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NASA's spacecraft on course to land on Mars

InSight spacecraft
World   InSight spacecraft

The United States space agency NASA's spacecraft is slated to enter into and touch down on Mars on Monday, starting the first mission to study the deep interior of the Red Planet.


The InSight spacecraft will complete its seven-month journey to Mars, traveling about 485 million kilometers at a top speed of 10,000 kph, according to NASA.

"We've studied Mars from orbit and from the surface since 1965, learning about its weather, atmosphere, geology and surface chemistry," said Lori Glaze, acting director of the Planetary Science Division in NASA's Science Mission Directorate.

"Now we finally will explore inside Mars and deepen our understanding of our terrestrial neighbor as NASA prepares to send human explorers deeper into the solar system," said Glaze.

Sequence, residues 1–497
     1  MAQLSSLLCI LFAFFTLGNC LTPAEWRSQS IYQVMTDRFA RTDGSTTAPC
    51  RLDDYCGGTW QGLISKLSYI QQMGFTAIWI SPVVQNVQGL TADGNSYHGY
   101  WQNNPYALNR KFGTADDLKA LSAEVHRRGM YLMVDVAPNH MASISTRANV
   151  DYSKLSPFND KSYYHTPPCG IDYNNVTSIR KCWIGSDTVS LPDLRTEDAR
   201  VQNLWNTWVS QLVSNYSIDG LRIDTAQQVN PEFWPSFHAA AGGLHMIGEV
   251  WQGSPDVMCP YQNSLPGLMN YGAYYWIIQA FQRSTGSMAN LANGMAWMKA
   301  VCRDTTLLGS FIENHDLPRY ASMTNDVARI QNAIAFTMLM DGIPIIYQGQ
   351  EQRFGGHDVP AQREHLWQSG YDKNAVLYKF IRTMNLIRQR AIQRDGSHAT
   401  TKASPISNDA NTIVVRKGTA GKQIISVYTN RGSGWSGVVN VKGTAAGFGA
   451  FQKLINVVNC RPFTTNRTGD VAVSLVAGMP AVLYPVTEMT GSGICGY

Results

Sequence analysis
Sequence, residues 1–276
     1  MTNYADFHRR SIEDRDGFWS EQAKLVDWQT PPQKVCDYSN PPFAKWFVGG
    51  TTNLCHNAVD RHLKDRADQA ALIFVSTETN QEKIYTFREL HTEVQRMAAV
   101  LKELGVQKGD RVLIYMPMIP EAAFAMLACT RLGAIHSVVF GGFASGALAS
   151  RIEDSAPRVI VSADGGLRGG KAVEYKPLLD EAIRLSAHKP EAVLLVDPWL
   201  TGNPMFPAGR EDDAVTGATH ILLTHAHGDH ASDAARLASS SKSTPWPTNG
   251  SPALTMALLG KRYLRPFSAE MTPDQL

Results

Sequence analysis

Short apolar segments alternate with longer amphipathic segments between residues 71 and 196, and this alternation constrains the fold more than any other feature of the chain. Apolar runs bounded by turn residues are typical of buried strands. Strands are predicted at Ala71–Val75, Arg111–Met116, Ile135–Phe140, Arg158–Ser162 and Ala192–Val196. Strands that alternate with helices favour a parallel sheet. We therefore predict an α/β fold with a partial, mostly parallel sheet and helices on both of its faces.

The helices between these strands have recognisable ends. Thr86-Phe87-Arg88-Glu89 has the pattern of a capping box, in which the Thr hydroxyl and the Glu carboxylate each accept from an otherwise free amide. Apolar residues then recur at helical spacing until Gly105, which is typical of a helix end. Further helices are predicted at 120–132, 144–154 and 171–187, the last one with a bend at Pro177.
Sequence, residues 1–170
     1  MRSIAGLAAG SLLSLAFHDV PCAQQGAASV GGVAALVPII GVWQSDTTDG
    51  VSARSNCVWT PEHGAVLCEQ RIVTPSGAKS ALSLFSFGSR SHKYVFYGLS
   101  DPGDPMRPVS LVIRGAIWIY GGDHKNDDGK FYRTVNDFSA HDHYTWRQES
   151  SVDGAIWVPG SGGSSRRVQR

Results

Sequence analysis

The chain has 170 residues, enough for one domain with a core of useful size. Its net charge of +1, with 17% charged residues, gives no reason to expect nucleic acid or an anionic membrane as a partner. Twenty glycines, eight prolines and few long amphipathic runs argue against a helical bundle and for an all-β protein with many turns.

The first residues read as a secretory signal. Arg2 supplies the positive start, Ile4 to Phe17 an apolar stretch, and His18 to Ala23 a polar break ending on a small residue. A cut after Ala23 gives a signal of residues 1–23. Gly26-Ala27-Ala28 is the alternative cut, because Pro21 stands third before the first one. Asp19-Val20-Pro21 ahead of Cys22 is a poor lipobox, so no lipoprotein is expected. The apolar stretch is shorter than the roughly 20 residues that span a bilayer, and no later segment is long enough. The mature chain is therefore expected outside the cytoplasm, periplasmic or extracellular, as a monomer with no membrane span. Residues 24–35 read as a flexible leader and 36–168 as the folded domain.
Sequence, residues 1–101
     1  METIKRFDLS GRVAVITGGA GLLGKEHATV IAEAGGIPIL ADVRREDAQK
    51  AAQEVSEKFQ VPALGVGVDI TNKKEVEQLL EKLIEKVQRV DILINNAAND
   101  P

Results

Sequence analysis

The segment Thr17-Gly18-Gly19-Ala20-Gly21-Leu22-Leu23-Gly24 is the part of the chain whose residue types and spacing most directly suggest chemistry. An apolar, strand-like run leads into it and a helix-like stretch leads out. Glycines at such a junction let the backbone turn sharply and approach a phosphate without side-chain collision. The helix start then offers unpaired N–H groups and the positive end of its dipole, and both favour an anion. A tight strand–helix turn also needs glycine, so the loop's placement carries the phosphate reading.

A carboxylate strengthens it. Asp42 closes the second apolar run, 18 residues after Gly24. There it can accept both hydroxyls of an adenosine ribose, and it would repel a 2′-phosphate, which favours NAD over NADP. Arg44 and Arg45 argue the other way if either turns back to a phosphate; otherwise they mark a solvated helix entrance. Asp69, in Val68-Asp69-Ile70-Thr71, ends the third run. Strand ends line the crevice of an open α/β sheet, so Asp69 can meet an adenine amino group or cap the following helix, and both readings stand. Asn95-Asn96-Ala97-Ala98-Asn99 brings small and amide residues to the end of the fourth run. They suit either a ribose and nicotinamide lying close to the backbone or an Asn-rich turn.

Before the spacecraft enters the Martian atmosphere, engineers still need to conduct a last trajectory correction maneuver to steer the spacecraft toward its entry point over Mars.

About two hours before hitting the atmosphere, they might upload some final tweaks to the algorithm that guides the spacecraft safely to the surface.

InSight blasted off from Vandenberg Air Force Base in Central California on May 5. It is NASA's first Mars landing since the Curiosity rover in 2012.

The spacecraft will hit the top of the Martian atmosphere at 19,800 kph and slows down to 8 kph before its three legs touch down on Martian soil. The deceleration will happen in just under seven minutes, according to NASA.

"Once InSight is settled on the Red Planet and its instruments are deployed, it will start collecting valuable information about the structure of Mars' deep interior: information that will help us understand the formation and evolution of all rocky planets, including the one we call home," said Glaze.

 

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